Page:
Module 2 : Intel 8051 Microcontroller

Lecture 6 : Addressing Modes & Port Structure

Interfacing External Memory

If external program/data memory are  to be interfaced, they are interfaced in the following way.

Fig 6.1: Circuit Diagram for Interfacing of External Memory

External program memory is fetched if  either of the following two conditions are satisfied.

  1. (Enable Address) is low.  The microcontroller by default starts searching for program from external program memory.
  2. PC is higher than FFFH for 8051 or 1FFFH for 8052.

tells the outside world whether the external memory fetched is program memory or data memory. is user configurable. is processor controlled.

8051 Addressing Modes

8051 has four addressing modes.

1.  Immediate Addressing :
Data is immediately available in the instruction.
For example -

ADD A, #77; Adds 77 (decimal) to A and stores in A

ADD A, #4DH;  Adds 4D (hexadecimal) to A and stores in A

MOV DPTR, #1000H; Moves 1000 (hexadecimal) to data pointer

2.  Bank Addressing or Register Addressing :
This way of addressing accesses the bytes in the current register bank. Data is available in the register specified in the instruction. The register bank is decided by 2 bits of Processor Status Word (PSW).
For example-

ADD A, R0; Adds content of R0 to A and stores in A

3.. Direct Addressing :
The address of the data is available in the instruction.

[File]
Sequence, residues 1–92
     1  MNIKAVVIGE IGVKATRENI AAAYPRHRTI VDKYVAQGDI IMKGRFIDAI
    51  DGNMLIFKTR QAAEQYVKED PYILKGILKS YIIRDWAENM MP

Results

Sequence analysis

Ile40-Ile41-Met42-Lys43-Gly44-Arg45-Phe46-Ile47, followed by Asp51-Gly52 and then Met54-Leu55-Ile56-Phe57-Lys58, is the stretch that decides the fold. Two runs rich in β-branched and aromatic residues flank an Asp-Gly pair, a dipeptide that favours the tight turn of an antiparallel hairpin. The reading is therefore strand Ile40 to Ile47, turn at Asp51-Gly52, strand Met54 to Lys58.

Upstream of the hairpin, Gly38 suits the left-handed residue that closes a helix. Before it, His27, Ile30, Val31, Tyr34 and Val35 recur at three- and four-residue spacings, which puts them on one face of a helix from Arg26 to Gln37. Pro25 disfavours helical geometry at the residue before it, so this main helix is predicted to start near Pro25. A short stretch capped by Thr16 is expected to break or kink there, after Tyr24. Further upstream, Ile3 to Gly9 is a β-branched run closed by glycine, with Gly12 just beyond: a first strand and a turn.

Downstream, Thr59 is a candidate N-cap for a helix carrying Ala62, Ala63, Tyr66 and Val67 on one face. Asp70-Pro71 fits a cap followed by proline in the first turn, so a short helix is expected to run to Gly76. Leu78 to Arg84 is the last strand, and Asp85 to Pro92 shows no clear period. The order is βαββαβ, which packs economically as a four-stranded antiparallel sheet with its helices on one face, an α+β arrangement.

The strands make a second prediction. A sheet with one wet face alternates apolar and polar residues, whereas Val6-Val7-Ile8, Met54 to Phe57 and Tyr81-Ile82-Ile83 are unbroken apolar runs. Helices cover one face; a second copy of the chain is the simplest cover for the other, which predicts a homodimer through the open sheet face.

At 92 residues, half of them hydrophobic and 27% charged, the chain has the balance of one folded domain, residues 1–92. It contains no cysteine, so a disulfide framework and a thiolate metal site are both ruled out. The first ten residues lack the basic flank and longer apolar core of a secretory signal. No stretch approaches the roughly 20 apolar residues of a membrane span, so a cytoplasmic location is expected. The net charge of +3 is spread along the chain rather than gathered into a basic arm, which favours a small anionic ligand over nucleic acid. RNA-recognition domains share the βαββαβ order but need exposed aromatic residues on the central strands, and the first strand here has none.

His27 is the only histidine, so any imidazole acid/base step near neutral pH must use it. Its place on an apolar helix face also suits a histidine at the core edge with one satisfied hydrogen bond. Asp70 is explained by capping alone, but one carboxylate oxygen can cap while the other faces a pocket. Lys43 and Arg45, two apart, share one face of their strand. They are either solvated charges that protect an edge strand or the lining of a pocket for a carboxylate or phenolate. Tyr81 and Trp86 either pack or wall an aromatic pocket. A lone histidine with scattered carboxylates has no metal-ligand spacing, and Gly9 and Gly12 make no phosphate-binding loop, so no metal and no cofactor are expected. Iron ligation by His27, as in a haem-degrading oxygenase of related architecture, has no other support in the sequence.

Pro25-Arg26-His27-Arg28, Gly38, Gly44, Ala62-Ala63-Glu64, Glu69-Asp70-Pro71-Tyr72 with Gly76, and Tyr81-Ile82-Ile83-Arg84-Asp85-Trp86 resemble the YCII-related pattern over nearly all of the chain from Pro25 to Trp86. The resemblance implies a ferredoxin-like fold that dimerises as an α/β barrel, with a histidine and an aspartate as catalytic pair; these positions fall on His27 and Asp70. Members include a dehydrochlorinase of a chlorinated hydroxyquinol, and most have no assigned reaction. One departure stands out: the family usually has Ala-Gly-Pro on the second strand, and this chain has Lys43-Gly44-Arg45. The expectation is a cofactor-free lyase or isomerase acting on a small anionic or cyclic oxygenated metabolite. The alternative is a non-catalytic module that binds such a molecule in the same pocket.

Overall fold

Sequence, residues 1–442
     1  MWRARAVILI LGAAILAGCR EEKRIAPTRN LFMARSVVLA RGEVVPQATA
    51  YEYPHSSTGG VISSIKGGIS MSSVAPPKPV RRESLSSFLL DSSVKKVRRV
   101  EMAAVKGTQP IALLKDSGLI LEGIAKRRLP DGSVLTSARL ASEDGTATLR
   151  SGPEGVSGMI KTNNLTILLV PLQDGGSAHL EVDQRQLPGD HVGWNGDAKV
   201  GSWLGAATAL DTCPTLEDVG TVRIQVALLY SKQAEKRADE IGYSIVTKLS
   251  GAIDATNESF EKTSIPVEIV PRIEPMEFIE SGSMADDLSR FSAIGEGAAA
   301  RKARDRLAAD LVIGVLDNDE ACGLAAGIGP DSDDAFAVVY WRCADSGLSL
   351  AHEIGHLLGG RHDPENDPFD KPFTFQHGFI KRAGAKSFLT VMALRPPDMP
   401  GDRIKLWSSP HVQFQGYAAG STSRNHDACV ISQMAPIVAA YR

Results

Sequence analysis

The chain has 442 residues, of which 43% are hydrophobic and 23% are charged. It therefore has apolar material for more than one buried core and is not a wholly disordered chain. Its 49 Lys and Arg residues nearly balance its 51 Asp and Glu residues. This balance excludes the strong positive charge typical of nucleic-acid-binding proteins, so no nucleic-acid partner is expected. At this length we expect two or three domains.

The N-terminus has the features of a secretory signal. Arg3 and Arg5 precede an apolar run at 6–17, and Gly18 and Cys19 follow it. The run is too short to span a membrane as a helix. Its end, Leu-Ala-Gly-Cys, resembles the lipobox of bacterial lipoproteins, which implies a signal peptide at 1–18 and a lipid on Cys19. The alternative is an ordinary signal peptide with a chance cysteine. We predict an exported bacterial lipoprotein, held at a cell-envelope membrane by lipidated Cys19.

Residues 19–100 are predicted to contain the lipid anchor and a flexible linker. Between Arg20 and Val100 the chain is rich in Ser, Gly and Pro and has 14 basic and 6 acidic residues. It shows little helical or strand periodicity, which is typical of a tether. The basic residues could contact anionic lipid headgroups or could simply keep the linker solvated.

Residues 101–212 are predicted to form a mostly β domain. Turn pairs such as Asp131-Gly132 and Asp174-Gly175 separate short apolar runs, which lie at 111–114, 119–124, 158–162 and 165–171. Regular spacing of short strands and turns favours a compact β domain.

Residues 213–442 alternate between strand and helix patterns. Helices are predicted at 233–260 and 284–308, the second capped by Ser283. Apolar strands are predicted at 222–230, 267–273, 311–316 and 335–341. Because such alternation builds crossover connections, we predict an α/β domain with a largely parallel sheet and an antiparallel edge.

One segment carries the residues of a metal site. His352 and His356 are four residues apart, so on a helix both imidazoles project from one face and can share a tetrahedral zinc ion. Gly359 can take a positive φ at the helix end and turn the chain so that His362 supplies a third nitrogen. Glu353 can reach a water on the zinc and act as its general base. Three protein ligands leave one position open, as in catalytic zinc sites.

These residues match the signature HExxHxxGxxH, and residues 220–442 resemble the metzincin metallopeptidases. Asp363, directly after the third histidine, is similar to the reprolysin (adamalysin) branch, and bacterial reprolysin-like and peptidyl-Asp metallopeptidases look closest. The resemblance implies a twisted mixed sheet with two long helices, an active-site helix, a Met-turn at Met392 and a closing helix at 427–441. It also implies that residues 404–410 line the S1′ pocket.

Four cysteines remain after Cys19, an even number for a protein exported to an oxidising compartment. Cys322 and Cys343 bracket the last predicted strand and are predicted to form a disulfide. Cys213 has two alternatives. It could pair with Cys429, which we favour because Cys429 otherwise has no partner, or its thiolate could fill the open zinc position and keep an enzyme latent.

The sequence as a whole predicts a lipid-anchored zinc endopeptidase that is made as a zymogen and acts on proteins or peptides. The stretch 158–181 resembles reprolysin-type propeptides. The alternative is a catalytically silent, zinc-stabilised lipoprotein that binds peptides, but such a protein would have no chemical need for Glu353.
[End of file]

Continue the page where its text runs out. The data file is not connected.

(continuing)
For example -

MOV A, 088H; Moves content of SFR TCON (address 088H)to A

4.  Register Indirect Addressing :
The address of data is available in the R0 or R1 registers as specified in the instruction.
For example -

MOV A, @R0 moves content of address pointed by R0 to A

External Data Addressing :
Pointer used for external data addressing can be either R0/R1 (256 byte access) or DPTR (64kbyte access).
For example -

MOVX A, @R0; Moves content of 8-bit address pointed by R0 to A

MOVX A, @DPTR; Moves content of 16-bit address pointed by DPTR to A

External Code Addressing :
Sometimes we may want to store non-volatile data into the ROM e.g. look-up tables. Such data may require reading the code memory. This may be done as follows -

MOVC A, @A+DPTR; Moves content of address pointed by A+DPTR to A

MOVC A, @A+PC; Moves content of address pointed by A+PC to A

I/O Port Configuration

Each port of 8051 has bidirectional capability. Port 0 is called 'true bidirectional port' as it floats (tristated) when configured as input. Port-1, 2, 3 are called 'quasi bidirectional port'.

Port-0  Pin Structure
Port -0 has 8 pins (P0.0-P0.7).
The structure of a Port-0 pin is shown in fig 6.2.
 
Fig 6.2: Port-0 Structure

Port-0 can be configured as a normal bidirectional I/O port or it can be used for address/data interfacing for accessing external memory. When control is '1', the port is used for address/data interfacing. When the control is '0', the port can be used as a normal bidirectional I/O port.

Let us assume that control is '0'. When the port is used as an input port, '1' is written to the latch. In this situation both the output MOSFETs are 'off'. Hence the output pin floats. This high impedance pin can be pulled up or low by an external source. When the port is used as an output port, a '1' written to the latch again turns 'off' both the output MOSFETs and causes the output pin to float. An external pull-up is required to output a '1'. But when '0' is written to the latch, the pin is pulled down by the lower MOSFET. Hence the output becomes zero.